Editorials

The jihadists within

THEY ARE ONE: A woman holds a poster reading ‘Je suis Charlie’ (I am Charlie) during a vigil in London’s Trafalgar Square for victims of the terrorist attack in Paris on Jan. 7. There were similar demonstrations on Sunday in Paris.
THEY ARE ONE: A woman holds a poster reading ‘Je suis Charlie’ (I am Charlie) during a vigil in London’s Trafalgar Square for victims of the terrorist attack in Paris on Jan. 7. There were similar demonstrations on Sunday in Paris. GETTY IMAGES

The French, united — as Sunday’s march through Paris showed — will fight back, President François Hollande vowed after last week’s horrific massacre of journalists, police officers and civilians. They have to — their security is under threat. And so is that of the United States and the rest of the civilized world.

President Hollande made it clear to his nation that this horrible chapter is not over yet.

This brand of Muslim-inspired “retail terrorism,’’ the kind that erupts in malls, delis and other public spaces, cannot become the Western world’s new normal, and France has been thrust onto the front lines, as the United States was on that awful September day in 2001.

The French have not faced a bigger threat to their values since the Nazis occupied their country in 1940. But this is not an external enemy, it is an internal foe.

“We have to use force — but with solidarity,” President Hollande said, while discouraging racist attacks against followers of Islam, the religion that the extremists say guides them. Before they died in violent standoffs with police, they made it clear they were acting on behalf of the Prophet Mohammed.

They did terrible damage to a nation’s psyche: In a matter of three days, this “sleeper” terror cell of young, al Qaida-radicalized Parisian friends working in coordination shook the very foundation of their country. They attacked a nation’s freedom of expression with the Charlie Hebdo newspaper massacre; they executed two police officers; and they trampled on religion, including their own, by storming a kosher deli and murdering four hostages in an apparent act of anti-Semitism.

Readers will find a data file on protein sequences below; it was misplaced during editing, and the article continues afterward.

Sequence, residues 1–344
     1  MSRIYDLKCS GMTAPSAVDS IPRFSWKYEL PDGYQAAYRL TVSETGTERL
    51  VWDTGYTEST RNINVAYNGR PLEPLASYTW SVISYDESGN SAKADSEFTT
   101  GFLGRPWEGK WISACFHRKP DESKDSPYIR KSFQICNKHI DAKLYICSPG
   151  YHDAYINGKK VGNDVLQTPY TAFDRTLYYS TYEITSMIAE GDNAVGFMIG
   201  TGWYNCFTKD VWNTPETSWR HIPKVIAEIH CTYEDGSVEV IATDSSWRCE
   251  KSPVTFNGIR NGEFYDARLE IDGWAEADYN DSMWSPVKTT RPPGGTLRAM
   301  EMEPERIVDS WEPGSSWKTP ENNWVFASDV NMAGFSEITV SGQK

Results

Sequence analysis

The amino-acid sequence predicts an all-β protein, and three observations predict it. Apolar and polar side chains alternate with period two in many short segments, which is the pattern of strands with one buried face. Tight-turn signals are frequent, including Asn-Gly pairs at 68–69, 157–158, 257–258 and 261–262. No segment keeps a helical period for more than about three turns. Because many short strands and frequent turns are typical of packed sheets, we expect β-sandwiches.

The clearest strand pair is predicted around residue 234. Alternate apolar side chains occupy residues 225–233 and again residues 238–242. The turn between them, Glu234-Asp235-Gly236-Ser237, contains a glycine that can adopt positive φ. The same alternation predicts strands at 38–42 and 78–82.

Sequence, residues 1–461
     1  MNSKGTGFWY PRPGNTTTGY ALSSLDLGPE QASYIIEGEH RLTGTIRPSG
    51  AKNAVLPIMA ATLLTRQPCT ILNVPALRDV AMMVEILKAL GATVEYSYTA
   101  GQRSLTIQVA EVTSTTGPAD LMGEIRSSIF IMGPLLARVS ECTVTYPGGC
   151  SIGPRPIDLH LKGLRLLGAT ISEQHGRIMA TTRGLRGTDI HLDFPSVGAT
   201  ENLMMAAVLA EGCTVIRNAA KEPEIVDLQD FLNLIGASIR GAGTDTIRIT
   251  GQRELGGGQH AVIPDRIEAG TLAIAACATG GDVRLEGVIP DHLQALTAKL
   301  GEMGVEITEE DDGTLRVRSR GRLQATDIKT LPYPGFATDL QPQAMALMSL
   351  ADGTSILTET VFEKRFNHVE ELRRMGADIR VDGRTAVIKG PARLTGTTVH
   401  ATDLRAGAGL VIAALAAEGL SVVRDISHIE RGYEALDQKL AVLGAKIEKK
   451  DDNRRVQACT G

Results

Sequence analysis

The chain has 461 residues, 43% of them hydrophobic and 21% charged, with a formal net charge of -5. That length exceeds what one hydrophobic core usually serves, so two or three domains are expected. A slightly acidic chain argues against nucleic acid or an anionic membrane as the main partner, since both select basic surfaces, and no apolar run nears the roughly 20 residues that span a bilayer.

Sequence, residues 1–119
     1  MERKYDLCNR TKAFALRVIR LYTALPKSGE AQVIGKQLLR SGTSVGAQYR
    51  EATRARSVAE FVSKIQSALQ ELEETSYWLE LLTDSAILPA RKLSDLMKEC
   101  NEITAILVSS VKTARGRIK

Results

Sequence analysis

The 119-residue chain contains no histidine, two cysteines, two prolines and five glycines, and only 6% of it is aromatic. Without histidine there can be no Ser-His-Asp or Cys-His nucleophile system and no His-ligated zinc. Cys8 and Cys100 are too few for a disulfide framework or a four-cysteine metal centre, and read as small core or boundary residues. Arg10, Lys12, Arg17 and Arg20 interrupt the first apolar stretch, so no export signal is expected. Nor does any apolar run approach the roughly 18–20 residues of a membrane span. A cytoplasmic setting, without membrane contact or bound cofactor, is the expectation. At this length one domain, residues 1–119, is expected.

The United States and international community can’t look the other way. For once, maybe since 9/11, this terror attack doesn’t feel a world away to Americans. The United States and France have had each other’s backs from this nation’s founding to World War II. “The United States stands with France, one of our oldest allies,” said Mr. Obama. In the near future, we will see just what that entails.

The Paris attacks give rise to the age-old question sparked by random violence: What was the motivation of these three young men and a woman who grew up in France to attack their country? Were they disenfranchised, hopeless members of society?

In 2009, one of the terrorists, Amedy Coulibaly, 26, gave an interview to a French newspaper as part of a group of 500 youths meeting with the president to discuss youth unemployment. The snapshot of Coulibaly reveals an anger in his face that obviously grew. He died in a hail of police bullets Friday inside the kosher market.

Through the ages, disenfranchised youths seeking to belong have joined gangs or turned to drugs and crime. Now, a disturbing number, like the terrorist Kouachi brothers, turn to the Islamic State and al Qaida — home-grown terrorists, the jihadists within.

Islamic terror groups like IS, al Qaida and AQAP, its Yemen branch, which took credit for ordering the carnage at Charlie Hebdo, are competing for the hearts and minds of these disaffected youths. The United States is not immune. In 2009, the FBI zeroed in on what looked like terrorist groups’ mass recruitment of young Somali men — with U.S. passports — gone missing in Minnesota.

Israeli leaders often claim that Americans doesn’t get what it’s like to live with the fear of dying in a terrorist attack during the course of a mundane day. They’re right. And it’s more imperative than ever to ensure that we never know such fear.

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